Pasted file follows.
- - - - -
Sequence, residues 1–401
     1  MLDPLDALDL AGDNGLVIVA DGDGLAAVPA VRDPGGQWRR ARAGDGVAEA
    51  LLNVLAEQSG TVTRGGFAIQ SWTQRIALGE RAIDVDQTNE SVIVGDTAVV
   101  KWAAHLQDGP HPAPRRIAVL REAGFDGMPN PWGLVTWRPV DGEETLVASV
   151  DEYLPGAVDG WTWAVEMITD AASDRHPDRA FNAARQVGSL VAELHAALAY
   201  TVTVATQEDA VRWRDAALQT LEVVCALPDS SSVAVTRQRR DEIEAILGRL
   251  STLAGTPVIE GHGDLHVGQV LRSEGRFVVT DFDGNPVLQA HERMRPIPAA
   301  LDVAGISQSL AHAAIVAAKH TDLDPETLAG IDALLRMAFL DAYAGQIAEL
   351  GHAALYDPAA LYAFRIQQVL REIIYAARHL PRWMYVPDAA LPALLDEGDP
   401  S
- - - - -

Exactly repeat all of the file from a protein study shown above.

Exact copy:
Sequence, residues 1–401
     1  MLDPLDALDL AGDNGLVIVA DGDGLAAVPA VRDPGGQWRR ARAGDGVAEA
    51  LLNVLAEQSG TVTRGGFAIQ SWTQRIALGE RAIDVDQTNE SVIVGDTAVV
   101  KWAAHLQDGP HPAPRRIAVL REAGFDGMPN PWGLVTWRPV DGEETLVASV
   151  DEYLPGAVDG WTWAVEMITD AASDRHPDRA FNAARQVGSL VAELHAALAY
   201  TVTVATQEDA VRWRDAALQT LEVVCALPDS SSVAVTRQRR DEIEAILGRL
   251  STLAGTPVIE GHGDLHVGQV LRSEGRFVVT DFDGNPVLQA HERMRPIPAA
   301  LDVAGISQSL AHAAIVAAKH TDLDPETLAG IDALLRMAFL DAYAGQIAEL
   351  GHAALYDPAA LYAFRIQQVL REIIYAARHL PRWMYVPDAA LPALLDEGDP
   401  S